World's best surfers head for the Scottish Highlands

Click to follow

An elite band of professional surfers who travel the world in search of the most dramatic waves have identified an unlikely new stamping ground - the Scottish Highlands.

The isolated and rugged landscape of Thurso Bay, on the northern tip of Britain, is luring surfers from Hawaii, California and Australia's Gold Coast with its sublime surf.

Thurso will host the biggest international competition ever held in Britain with a prize fund of £60,000, from 24 April to 1 May. The event can be viewed live on the internet and it is the first time a world qualifying series is being held in Britain.

While Thurso was once the surfing community's biggest secret, known only by the most ardent among the surfing tribe, it is now gaining fame as having some of the most impressive overhead swells in Britain, and drawing in increasing numbers of professionals and amateurs.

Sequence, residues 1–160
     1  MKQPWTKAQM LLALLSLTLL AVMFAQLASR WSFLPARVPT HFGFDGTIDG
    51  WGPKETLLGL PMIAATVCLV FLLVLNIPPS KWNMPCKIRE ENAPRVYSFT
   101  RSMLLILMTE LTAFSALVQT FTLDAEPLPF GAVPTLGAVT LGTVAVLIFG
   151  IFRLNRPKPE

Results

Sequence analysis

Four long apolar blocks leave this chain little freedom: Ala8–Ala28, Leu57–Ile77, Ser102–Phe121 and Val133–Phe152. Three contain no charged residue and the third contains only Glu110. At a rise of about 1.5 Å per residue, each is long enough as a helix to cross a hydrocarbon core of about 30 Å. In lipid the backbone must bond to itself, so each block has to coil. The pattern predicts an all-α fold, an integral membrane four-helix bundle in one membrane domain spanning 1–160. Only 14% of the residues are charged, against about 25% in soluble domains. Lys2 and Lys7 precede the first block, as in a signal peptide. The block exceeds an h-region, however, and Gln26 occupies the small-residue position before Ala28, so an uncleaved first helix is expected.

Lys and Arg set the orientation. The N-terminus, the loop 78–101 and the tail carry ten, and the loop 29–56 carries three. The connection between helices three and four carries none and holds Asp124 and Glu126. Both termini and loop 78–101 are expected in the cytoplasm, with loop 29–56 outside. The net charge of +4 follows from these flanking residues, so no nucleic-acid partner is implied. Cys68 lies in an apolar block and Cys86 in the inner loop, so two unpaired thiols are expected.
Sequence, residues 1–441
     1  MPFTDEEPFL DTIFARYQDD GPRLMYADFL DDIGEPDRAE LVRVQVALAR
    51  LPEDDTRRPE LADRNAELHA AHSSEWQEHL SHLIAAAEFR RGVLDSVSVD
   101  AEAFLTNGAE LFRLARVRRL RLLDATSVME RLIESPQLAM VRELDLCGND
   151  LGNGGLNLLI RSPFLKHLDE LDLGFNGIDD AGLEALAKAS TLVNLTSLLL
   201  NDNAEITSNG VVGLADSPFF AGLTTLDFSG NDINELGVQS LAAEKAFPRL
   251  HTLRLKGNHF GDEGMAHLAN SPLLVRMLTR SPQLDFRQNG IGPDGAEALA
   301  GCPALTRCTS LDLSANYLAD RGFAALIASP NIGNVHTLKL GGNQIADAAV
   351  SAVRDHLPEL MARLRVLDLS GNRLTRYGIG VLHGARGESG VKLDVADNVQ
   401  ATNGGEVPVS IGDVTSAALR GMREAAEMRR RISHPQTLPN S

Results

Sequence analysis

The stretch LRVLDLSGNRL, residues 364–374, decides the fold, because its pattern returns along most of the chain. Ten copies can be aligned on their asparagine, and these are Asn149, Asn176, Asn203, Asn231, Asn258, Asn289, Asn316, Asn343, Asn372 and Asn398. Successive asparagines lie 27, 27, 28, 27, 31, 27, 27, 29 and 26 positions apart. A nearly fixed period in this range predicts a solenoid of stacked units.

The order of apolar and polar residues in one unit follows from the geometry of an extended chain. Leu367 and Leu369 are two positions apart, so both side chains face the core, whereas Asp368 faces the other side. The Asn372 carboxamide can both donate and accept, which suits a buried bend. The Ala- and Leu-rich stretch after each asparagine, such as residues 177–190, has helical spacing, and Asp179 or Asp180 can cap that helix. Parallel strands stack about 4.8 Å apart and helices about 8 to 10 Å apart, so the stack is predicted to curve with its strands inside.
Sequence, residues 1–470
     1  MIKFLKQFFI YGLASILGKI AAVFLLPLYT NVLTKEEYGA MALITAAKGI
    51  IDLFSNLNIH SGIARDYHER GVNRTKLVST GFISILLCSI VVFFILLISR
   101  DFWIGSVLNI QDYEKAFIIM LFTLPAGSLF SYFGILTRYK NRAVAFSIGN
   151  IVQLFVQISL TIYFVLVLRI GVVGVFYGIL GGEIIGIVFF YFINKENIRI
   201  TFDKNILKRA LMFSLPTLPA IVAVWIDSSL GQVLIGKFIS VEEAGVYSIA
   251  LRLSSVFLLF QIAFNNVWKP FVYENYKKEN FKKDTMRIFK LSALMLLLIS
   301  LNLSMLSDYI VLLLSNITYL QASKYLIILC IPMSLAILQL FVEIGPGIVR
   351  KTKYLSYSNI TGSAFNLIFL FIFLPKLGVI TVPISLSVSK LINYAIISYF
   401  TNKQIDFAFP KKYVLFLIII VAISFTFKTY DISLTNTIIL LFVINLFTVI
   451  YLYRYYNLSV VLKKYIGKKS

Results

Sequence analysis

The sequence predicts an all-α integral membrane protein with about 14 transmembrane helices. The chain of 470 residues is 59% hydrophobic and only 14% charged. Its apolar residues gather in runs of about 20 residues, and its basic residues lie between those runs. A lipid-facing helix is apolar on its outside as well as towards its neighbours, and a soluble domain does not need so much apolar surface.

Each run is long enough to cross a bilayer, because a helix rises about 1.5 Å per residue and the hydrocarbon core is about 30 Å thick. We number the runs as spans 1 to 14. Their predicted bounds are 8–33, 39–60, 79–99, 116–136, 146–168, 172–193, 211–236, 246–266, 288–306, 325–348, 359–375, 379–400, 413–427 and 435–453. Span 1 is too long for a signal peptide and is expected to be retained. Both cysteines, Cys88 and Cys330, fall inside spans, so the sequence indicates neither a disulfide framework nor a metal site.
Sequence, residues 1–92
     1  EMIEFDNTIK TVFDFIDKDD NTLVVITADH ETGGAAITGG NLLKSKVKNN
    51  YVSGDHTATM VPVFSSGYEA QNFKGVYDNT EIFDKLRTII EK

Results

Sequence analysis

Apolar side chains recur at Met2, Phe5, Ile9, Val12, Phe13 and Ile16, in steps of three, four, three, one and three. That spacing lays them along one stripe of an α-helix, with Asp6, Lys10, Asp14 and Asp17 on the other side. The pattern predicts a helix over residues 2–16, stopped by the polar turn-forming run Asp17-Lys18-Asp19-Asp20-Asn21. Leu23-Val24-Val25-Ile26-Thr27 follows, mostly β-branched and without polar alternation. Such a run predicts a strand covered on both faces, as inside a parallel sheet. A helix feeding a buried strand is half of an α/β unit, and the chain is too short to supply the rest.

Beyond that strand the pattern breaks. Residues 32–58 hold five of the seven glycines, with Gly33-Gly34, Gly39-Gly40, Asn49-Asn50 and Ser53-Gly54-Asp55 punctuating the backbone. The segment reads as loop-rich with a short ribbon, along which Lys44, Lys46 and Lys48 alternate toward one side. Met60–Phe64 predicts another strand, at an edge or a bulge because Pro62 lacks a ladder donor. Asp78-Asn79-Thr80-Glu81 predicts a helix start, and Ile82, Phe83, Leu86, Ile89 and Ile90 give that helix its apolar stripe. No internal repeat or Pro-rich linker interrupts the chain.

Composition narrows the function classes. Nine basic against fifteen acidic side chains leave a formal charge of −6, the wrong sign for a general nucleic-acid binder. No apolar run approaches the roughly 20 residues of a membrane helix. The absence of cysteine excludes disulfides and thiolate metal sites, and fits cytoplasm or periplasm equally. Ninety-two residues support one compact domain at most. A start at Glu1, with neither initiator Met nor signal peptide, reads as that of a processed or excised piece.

Waves in the bay can rise to more than 20ft and produce some astonishing barrel waves and tube rides, which are essential for competitive surfing.

The O'Neill Highland Open was deemed such a success when it was held for the first time in Thurso last year, that it has been ranked as one of the prime surfing events of the world.

Widely recognised by surfers as one of the coldest events on the calendar, the wind and swell from the Atlantic also provide some of the best surfing.

One website, Surfersvillage.com, said British surfers were delighted that the international community had recognised the promise of Thurso.

It said: "World qualifying series surf events typically have a setting of blue sky and white sand. To see surfers from all over the world on the Scottish Highlands, the contrast of tanned Brazilian, Hawaiian and Australian surfers against the backdrop of fields of sheep and Scottish castles will provide an interesting and unique event with outstanding imagery."

Sam Lamiroy, 32, who is the British champion and will be taking part in the contest, told The Scotsman that Thurso was the first spot at which he saw "perfect waves".

"I remember when I used to go up there as a 14-year-old being amazed by the sheer power of the waves and how perfect they can be," he said.

After the world's best surfers have competed in Scotland, they move to the warmer waters of Tahiti.

Comments